I think what I forgot was that I was having surgery. Like, real surgery. Like, intubated-and-under-general-anesthesia surgery. I had spent most of the day playing with my four-month-old. I don't really get to do that very much, having time with just him. I had him belly laughing in the surgeon's office. He fell asleep on my chest. I lovingly handed him to my husband and watched him grab (and try to eat) his Daddy's nose. The doctors and PAs and nurses came in and introduced themselves. We joked about kids and YouTube videos. It was actually a delightful way to spend a day in a hospital. He was such a distraction that I really had forgotten I was actually having surgery.
And then the moment comes that they are ready to wheel you away. And it's real. And it hits you like a Mack truck that you are not in control. You have absolutely no control over what happens to you. This could be it. It could be the last kiss I give to my husband. It could be last little squeeze of a baby's hand. Had I told everyone that I loved them? (Yes, of course, logically I know that this procedure is so common that the surgeon could probably do it blindfolded. Yes, I know that the chances of me, a youngish healthy woman, not coming through surgery are extremely small. But that doesn't mean you don't get hit with it. It doesn't mean that you don't feel that fear and panic.)
Yes, I got hit right between the eyes with the "Let Go and Let God" moment. In my everyday life, I pray. I pray pretty regularly, giving thanks for little things throughout the day, often praying for patience (usually to get through the three-year-old's temper tantrum), asking for forgiveness (usually when patience fails). But for all the little prayers, I do have trouble being still. Really still. I'm someone who operates out of an energy that constantly moves, constantly spins. So, to be hit with the stillness and quiet of the realization that you're not in control feels humbling. And terrifying.
Rolling down the hallway, I breathe deeply and intentionally. I think how I would tell my own children to be brave. I cry. And I move into a different kind of prayer, almost a mantra that I repeat over and over again in my mind as we make our way to double doors: "God, I know that you are holding me in the palm of your hand. I know that you are in control. Please quiet my fear and bring me your peace."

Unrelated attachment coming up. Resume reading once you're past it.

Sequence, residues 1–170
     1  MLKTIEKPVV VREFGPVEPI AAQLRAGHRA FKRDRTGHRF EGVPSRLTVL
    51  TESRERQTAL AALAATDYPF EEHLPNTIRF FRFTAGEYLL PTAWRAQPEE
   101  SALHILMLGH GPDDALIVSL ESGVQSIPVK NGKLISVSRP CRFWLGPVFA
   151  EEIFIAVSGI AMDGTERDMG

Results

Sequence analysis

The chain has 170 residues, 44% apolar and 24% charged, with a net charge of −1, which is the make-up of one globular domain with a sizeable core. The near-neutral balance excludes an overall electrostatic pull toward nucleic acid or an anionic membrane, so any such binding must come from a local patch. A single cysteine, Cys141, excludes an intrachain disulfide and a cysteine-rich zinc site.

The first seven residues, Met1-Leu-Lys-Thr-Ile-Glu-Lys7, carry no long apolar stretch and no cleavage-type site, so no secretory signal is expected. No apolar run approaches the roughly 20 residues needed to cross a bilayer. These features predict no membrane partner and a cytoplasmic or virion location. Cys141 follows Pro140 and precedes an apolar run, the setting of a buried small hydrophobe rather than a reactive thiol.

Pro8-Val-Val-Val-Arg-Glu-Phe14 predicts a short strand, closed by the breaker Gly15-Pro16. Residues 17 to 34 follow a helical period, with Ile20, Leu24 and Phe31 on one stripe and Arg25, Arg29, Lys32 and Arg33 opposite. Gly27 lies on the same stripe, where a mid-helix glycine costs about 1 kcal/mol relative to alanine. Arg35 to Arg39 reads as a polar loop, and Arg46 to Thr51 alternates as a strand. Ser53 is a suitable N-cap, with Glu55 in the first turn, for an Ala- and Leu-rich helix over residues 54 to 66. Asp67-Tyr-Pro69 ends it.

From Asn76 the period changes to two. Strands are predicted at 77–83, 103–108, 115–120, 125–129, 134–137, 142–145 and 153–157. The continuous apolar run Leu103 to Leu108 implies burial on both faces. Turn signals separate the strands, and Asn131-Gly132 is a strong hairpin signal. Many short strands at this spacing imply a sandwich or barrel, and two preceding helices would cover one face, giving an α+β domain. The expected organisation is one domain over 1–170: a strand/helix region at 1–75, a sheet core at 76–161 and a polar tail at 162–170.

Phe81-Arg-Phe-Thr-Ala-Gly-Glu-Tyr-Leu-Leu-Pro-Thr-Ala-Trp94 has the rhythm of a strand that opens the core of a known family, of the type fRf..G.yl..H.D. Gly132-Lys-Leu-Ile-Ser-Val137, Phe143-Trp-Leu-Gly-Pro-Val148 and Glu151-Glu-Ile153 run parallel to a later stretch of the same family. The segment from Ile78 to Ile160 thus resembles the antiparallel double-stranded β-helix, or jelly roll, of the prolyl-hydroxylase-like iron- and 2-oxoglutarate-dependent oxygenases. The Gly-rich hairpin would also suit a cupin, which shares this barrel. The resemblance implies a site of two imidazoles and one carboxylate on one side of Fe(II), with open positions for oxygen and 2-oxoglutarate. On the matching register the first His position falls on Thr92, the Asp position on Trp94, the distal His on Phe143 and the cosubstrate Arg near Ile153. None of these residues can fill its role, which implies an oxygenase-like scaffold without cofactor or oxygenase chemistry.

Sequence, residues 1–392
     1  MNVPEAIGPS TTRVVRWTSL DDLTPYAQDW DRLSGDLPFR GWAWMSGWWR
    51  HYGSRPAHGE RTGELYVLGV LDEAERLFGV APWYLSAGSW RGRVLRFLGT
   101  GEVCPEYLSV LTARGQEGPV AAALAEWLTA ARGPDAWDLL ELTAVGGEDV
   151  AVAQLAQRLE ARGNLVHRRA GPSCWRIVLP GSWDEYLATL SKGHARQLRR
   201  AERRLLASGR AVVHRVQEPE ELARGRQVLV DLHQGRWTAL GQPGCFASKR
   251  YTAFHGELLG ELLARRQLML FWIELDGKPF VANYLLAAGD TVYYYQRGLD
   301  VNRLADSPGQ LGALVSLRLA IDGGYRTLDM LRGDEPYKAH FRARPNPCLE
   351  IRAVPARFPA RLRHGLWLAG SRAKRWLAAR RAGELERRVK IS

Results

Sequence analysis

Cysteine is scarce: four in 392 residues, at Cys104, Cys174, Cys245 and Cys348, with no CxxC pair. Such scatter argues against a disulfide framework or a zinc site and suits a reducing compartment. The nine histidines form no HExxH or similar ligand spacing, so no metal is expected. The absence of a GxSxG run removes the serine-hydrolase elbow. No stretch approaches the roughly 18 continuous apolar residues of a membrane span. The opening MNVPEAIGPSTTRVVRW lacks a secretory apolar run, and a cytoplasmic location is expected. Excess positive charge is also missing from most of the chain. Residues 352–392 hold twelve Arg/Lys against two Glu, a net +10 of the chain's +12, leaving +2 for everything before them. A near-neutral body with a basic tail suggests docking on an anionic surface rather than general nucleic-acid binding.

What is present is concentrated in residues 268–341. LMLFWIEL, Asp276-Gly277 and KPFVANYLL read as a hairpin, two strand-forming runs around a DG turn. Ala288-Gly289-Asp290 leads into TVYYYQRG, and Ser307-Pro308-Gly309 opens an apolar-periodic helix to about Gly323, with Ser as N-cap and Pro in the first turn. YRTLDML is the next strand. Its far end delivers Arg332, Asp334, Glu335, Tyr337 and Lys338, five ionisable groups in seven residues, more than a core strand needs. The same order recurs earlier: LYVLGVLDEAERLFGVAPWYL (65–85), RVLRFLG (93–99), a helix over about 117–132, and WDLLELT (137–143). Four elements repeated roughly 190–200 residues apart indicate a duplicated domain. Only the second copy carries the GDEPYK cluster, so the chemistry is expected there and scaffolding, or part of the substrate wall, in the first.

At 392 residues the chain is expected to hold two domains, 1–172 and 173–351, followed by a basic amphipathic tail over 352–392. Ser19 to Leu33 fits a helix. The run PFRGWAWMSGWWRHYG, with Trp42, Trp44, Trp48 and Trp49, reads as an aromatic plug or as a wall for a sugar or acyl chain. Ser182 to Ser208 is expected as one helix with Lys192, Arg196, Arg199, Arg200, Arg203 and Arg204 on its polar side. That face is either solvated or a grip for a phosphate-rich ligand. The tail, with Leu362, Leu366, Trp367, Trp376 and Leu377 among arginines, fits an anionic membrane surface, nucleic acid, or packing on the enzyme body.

It is almost always the same prayer. I pray it on airplanes. Or when my husband travels. Or when I'm worried about my kids. Or when someone I know is suffering. Sometimes the pronouns change, but the thought is the same. And so is the result: lovely, quiet stillness.
My gurney bursts through the doors to the O.R. It is bright and happy, almost like a bouncy surgery party. "Young Folks" is playing on a speaker. I smile. I remember dancing to it in jazz class years before kids, spinning across the floor in pirouettes. "Thank you," I pray.
The next thing I know, I'm in the recovery room, a little groggy and with an awful taste in my mouth from the breathing tube and blind as a bat without my glasses. Across from me is a little boy who is also just coming out of surgery. He is panicking, not able to express how he feels or understand why he feels this way. The nurses are doing their best to comfort him and one of them brings his mother in from the waiting room.
And that's the moment when I find grace. I say another prayer. And it is all thanks. I am thankful for my life, to keep doing what I do. I am thankful for my village, for the community of family and friends and friends-of-friends that rallied around me. I am thankful for the caregivers, the doctors, the PAs, the nurses, the staff who work tirelessly in service of others. I am thankful for my healthy children and my husband, who is truly my partner in everything. Yes, today, sitting in this hospital bed, I am profoundly thankful. I am even thankful for my appendix, that little four-inch, seemingly-useless organ that caused all the commotion in the first place and forced me to be still for a while. Maybe it wasn't so useless after all. Thank you.